Yardworks Festival 2023

Yardworks Festival returned for 2023, and took place from Friday 5 to Sunday 7 May 2023. With plenty of scran, dugs, happy wains and amazing artists, it was everything we could have hoped for – and more. This year was also extra special, as it marked the official launch of Yardworks Studio – an innovative purpose-built space that will provide a home for hundreds of artists, youth and community organisations to create work in. 

Typically a concrete playground, the Galvanizers Yard was transformed into a vibrant canvas of colour and creativity, where some of the biggest urban artists from across the world, including Rachel E. Miller, Jay Kaes, .EPOD, Insane51, Aches, Voyder, Shona Hardie, and KMG, gathered to hang out and create some incredible artwork. 

This year marked the official opening of Yardworks Studio, and a hand-selected range of guests and artists joined together to celebrate the opening on Friday, before Erin Bradley-Scott hosted two packed out sign-writing masterclasses in it across Saturday and Sunday.

There's always something for everyone at Yardworks, and this year was no exception. The weather wasn't the best, but that wasn't an issue. As the rain bucketed down in spurts, punters took refuge indoors and quickly realised it was just as fun there as it was outside. Inside the Galvanizers, kids were learning to skateboard on the Clan Skates half-pipe, Vanessa Lawrence was teaching everyone how to get creative and craft sculptures with wire, and Mia McGregor’s Cubes installation was a massive hit as always. Meanwhile, over in the Warehouse, kids were showing off their moves at Mini Manoeuvres, and to make sure no one felt left out, the adults also got a chance to showcase their moves on Sunday, at the female Funk Fruition dance masterclass.

With a record number of punters, from various backgrounds, attending this year, a more diverse range of artists with more female artists than ever before, and some interesting (to put it lightly) weather conditions, it really felt like a uniquely special one this year, and one that will definitely live long in the memory of all those who attended. 

2023 artist list 

Aches, AKME, Aroe, Alko, ANT1, Aser, Barry The Cat, Bside, Boiing, B More Sketchy, Ciaran Globel + Conzo Throb (Conzo Globel), Created By Imrie, Danny Rumbl, Ders, Drik The Villain, Easi Peasi, Ejek, Ellietype, Elph, Emsky, .Epod, Etnik, Eray, Fool Swing, Frank Carty, Friz, Frodrick, Gabs, Gordy Livingston, Grin, Hana Lindsay, Hans, HMC, Hungry Window, Insane 51, Jay Kaes, James Klinge, Jim Vision, Jo Curtis, Kai, Kink, KMG, Kryme, Latoy, Lightbody107, Lindsay Grime, Luca, Luck, Lyndsey Arts, Mack Colours, MAKONE, Marcamix031, Marcus, Mark Worst, Meds, Michael Corr, Micky, Micro, Miss U, Molly Hankinson, Morf, Mosk, Nic A Doodle Do, Panda, Philaico, Pizzaboy, Pledg, Posea, Purse1, Rachel E. Miller, Rask, Rogue One, Rolek, Ross Macrae, Sair, Sane, Saturno, Seck, Shona Hardie, Snub23, Spaceboy, Sprite, Taio, Tap End Tef, The Cube, Theme, TNGC, Tragic O'Hara, Trench, Usto, VENTONE, Vera, Void One, Voyder, Vues, Wee Thistle., Wosker, Zelda, Zippy, 5Pence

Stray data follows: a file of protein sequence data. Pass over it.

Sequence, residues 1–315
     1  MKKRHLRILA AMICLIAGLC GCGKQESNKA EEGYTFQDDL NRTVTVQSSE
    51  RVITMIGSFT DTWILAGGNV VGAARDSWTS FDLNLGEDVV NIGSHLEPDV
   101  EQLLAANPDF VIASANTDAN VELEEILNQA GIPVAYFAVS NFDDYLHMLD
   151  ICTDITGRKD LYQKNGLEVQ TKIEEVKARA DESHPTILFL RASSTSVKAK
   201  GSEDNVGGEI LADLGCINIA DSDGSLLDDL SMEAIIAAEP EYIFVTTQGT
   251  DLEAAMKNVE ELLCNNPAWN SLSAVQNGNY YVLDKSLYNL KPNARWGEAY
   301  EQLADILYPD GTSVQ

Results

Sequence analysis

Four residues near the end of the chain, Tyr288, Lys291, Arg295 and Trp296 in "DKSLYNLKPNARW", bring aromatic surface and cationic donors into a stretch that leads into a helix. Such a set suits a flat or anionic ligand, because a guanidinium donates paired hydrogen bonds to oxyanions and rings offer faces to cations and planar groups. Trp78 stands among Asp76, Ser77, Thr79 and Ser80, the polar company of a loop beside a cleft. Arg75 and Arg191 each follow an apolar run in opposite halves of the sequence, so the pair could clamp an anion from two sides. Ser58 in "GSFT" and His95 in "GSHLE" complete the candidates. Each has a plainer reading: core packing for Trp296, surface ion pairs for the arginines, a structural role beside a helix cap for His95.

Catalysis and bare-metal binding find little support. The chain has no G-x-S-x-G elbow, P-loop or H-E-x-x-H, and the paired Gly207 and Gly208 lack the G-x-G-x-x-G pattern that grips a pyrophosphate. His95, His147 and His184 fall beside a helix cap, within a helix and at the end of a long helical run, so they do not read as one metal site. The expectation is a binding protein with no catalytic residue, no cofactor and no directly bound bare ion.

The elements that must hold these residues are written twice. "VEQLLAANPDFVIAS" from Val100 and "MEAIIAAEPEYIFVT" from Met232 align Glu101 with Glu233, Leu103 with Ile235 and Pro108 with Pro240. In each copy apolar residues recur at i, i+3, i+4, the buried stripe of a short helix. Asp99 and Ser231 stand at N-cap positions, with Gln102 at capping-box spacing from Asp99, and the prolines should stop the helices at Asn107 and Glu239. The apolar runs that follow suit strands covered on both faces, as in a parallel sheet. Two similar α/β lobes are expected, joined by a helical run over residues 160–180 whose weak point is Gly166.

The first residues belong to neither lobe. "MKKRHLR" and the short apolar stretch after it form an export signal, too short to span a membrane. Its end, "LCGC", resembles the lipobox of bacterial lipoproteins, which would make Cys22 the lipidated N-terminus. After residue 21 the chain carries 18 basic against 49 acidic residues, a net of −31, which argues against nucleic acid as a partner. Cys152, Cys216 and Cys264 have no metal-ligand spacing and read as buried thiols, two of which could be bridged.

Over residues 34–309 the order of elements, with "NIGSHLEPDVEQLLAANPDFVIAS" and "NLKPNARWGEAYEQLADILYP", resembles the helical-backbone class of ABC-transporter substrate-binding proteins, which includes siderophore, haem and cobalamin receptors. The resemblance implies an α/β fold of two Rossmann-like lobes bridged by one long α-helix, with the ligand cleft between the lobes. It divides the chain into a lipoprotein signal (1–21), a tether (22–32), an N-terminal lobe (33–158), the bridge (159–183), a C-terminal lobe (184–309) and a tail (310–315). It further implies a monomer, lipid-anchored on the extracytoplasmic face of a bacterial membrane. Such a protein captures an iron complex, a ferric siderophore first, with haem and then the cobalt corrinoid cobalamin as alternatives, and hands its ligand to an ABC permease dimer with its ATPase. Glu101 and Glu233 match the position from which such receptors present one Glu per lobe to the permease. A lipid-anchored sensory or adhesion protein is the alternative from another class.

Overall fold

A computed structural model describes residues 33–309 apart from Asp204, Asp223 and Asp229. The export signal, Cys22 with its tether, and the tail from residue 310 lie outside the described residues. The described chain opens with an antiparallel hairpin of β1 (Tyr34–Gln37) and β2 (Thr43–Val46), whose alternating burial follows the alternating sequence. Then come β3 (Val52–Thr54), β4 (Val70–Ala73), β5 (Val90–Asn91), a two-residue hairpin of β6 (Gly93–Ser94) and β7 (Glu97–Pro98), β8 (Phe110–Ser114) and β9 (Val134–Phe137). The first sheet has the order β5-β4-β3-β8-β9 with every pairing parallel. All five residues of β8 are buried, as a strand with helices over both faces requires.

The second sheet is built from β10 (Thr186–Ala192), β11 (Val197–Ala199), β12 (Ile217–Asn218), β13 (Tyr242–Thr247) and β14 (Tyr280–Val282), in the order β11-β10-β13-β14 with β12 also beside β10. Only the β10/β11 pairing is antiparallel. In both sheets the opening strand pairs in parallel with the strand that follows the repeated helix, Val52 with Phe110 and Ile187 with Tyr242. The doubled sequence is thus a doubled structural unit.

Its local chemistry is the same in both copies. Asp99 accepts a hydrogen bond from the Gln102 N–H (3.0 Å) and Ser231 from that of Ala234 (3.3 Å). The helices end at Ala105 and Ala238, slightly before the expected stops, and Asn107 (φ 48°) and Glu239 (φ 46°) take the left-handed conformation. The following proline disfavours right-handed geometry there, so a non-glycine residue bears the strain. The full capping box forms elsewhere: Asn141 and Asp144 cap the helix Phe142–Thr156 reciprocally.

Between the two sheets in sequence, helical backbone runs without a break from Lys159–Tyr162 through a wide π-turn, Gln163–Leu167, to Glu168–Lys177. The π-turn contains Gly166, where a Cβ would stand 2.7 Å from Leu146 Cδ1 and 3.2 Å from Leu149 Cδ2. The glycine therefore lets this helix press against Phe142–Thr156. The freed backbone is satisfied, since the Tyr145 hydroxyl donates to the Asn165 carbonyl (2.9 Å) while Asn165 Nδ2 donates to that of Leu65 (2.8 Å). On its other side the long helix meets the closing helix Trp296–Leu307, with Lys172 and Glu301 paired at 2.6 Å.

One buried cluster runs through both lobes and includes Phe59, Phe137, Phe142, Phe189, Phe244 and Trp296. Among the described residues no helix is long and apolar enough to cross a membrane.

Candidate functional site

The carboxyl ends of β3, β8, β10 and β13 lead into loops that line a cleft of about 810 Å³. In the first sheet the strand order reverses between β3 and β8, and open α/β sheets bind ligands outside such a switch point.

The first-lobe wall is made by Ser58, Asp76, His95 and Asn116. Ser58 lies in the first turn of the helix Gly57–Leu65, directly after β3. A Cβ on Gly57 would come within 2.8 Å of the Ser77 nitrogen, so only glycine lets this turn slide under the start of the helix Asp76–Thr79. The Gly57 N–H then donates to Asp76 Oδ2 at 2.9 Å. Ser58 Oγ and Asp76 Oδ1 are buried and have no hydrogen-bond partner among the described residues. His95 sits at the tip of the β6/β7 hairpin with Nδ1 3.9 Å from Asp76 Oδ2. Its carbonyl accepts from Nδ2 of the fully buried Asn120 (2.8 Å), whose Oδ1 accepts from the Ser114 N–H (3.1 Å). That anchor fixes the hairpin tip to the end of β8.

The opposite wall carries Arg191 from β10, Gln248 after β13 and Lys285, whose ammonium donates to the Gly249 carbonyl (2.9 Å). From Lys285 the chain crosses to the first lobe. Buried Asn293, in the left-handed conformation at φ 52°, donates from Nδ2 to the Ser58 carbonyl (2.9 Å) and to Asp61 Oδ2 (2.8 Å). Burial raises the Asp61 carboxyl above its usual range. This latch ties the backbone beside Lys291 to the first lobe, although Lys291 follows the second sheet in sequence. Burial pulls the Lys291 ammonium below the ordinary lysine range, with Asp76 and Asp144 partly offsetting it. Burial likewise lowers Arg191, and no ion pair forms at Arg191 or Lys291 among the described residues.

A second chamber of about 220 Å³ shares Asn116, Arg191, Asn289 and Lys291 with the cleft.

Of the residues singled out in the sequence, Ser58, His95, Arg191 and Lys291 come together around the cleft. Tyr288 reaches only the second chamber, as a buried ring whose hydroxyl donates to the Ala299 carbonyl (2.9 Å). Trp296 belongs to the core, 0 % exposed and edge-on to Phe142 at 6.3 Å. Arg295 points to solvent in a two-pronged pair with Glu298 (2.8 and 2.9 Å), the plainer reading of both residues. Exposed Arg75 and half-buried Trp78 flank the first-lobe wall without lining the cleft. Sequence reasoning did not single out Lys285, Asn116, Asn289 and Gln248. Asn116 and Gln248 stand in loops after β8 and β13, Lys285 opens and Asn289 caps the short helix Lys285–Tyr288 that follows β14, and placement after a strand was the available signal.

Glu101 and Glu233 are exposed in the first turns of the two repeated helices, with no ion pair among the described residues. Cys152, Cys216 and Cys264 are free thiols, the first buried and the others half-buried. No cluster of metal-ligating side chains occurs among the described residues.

About Yardworks Festival

Since launching in 2017, it’s safe to say the word is now very much out, with the annual Yardworks festival now attracting the global elite of the street arts and graffiti scene. Highlights so far have included the graffiti maze (200 metres of super smooth concrete and steel, painted live in front of the audience), Mia McGregor’s global-participation art project Cubes, a talk from author, photographer and subway artist Martha Cooper, the commissioning of the huge, Classical-art-inspired mural by PichiAvo that you see today in our Galvanizers, and the launch of Yardworks Studio.

For local artists, it’s a chance to learn from the best, meet their heroes, and get inspired by what people are doing elsewhere. For the audience, it’s a weekend of witnessing murals being created live, from scratch, in front of you, child-friendly art workshops and activities, or just drinking it all in with a pint and street food in hand. For Glasgow, it’s a visual celebration of the city’s artistic ambition, its style, and the importance it places on nurturing — and sharing — the joy of creativity.

Outside of the festival, it puts the city on the map as a stomping ground for international artists, who drop in to SWG3 year-round to mark a piece of our territory in their own inimitable style. For local artists, it represents something absolutely essential to the community: a place to express themselves in a safe and legal space.